The Most Important Sci-Fi Trilogy since Star Wars

I can say that I’m a huge Star Wars fan. I actually like Star Trek too, but Star Wars is by far the winner in that particular fan-battle for me. Mostly, when it comes to Trek I just love Bones. But Star Wars has a special place in my heart. I’m one of those people who actually enjoys the EU (well, most of it), hates Episodes I,II, and III for their trashiness and failure to understand what made the original trilogy so compelling. I also want to put out there that I come down on the side of Ewoks are awesome and making a fuss about them seems to me like the fanboy doth protest too much. It’s “cool” to hate on Ewoks, I think and well, you know everyone has a little “Yub-Nub” inside them if they’d just admit it.

But since Star Wars it’s been really difficult to find another sci-fi epic with the scope, the characters, the music, and the story to match the original trilogy. I’ve looked. I’ve wanted it. As a consumer of stories, whether books or movies or games, what I’m looking for is to be drawn in, to be absorbed in a universe so much that I want to live there – that I don’t ever want the story to end… That’s what Star Wars gave to me, a universe to live in even after the stories were over. I haven’t found that again in the years since.

A while ago I wrote a love letter to Mass Effect. I had just finished the second game and I was still in that gamer high that comes with really enjoying something. After finishing the third game I realized that Mass Effect is the worthy successor to Star Wars that I’ve been waiting for. My wife and I (she also played through the trilogy at the same time I was) have spent countless car rides and lazy afternoons discussing the ins and outs of the Mass Effect trilogy experience and I think that there is a lot worthy of unpacking in the trilogy.

First though, a little aside. I would probably not be writing this if not for a post a friend of mine pointed me to at io9. It’s a pretty strong title, “Why Mass Effect is the Most Important Science Fiction Universe of Our Generation.” It’s why I picked the grandiose title I did for this post. But I struggled with what the author of that piece had to say. It’s not so much that anything he said was wrong it’s just that reading it I sorta felt that he missed the trees for the forest.

I’ll admit, I am a big Lovecraft fan but the whole “humans don’t matter” and “we’re all just tiny blips on an uncaring universe” bits were utterly lost on me. I don’t think cosmicism is the big draw for the ME trilogy – I also don’t think it’s terribly accurate – I think that it achieves its success the way all good stories tend to. It’s a well drawn story with compelling characters and a universe that feels lived in and complex even when you only see little bits of it. I will agree that it takes full advantage of its medium to achieve that greatness in a way that a movie could not, but that’s about where the author of that post and I diverge in our enjoyment.

But what is it that makes Mass Effect so compelling as a gaming experience? Well, I can only speak for myself but it’s fairly easy for me to point it out. First, it is the consistency. That may seem weird but stay with me. There is a real feeling of time passing and of change between the games but there is a solid consistency of characters, a persistence of events and ideas that create this feeling that it really is all one story. One slowly unveiled story with a layers of plot and information that are about more than just moving to the next battle scene. Don’t get me wrong, the battles and the combat mechanics were a ton of fun, but biotic gunfights pale in comparison to the fact that I can have a party full of characters that I am invested in. It’s an interesting side note that I find it fascinating to talk to people about who they choose for their companions and why. Some people look at me like I’m crazy when I ask that question but some people get it and then we can have a great conversation. Feel free to answer that question in the comments if you want.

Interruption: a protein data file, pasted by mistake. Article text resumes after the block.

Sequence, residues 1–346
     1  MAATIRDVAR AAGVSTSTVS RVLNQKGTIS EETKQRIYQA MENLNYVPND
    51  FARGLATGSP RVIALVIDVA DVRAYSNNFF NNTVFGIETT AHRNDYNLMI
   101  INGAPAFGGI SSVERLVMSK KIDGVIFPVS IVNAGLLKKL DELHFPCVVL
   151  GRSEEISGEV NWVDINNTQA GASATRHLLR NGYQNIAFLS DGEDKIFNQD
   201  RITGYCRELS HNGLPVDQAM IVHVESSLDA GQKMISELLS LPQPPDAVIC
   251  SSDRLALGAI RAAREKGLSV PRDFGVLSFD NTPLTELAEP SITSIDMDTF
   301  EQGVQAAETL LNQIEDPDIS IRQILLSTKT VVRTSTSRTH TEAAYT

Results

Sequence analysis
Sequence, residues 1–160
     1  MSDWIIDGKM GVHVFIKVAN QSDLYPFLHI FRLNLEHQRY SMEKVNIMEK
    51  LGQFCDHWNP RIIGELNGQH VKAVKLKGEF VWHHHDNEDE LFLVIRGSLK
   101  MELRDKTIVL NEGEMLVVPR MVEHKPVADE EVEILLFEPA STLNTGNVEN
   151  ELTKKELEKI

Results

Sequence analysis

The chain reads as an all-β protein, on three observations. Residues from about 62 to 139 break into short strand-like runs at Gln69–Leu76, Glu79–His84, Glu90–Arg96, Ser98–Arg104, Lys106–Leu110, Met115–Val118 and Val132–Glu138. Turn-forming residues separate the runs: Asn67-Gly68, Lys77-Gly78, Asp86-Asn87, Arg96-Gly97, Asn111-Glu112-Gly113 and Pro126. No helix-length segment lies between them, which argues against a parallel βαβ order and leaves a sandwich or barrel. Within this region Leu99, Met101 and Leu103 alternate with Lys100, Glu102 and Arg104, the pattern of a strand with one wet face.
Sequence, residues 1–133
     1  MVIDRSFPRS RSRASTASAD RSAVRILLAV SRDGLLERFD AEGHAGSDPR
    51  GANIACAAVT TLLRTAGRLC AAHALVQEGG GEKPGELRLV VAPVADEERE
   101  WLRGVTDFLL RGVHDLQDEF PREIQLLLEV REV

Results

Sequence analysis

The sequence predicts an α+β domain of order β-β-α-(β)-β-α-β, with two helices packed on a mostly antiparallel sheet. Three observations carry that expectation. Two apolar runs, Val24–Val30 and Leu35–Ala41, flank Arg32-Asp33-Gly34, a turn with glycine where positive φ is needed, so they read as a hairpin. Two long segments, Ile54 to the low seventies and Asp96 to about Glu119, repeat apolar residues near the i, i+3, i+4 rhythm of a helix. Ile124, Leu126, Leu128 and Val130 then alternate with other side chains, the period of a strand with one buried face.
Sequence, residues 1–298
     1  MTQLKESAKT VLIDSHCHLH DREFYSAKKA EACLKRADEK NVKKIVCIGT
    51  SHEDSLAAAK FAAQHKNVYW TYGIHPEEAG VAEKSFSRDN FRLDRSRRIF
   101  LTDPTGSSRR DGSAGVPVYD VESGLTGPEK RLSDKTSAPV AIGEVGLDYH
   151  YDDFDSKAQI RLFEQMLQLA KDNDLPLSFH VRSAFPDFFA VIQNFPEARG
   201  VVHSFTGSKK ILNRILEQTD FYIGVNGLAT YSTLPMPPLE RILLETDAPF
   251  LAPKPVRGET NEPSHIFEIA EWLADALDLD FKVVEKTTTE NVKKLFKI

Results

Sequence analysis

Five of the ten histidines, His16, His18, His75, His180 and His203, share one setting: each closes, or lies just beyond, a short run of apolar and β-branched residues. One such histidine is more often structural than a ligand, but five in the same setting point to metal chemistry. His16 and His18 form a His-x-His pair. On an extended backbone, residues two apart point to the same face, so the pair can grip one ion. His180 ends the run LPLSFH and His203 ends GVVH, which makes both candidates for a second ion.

That consistency to the universe made it a place I wanted to go back to and explore. Even though there were changes between the games and shifts in emphasis in game-play, the universe itself was this place that I could feel comfortable in. I had decided that when my Shepard retires he was moving to Rannoch – a truly beautiful planet.

And the consistency of characters in the universe was a wonderful surprise. Getting Ashley back in ME3 after the way you part in 2, meeting James Vega, fighting alongside Anderson, chasing the Illusive Man, going to a casino with Miranda, getting Garrus a date, seeing Wrex be a leader… it went beyond consistency and became a living thing with a life outside of your viewpoint character. This is what I always look for in a story and I think it is what boosts ME over a million other tales that are out there. It’s why I fell in love with Star Wars, from Luke looking to the horizon and then returning home years later to rescue a friend. There is a magic in compelling characters that cannot be denied. And it’s a lesson for me as I craft my own game worlds. I always try to create compelling NPCs and I try hard to walk that line between them being memorable and them being in the way of the PCs. This is an advantage that a video game has over a tabletop game (blasphemy, I know) because you never lose focus on the viewpoint character because, well, you can’t. Mass Effect did this with a masterful hand.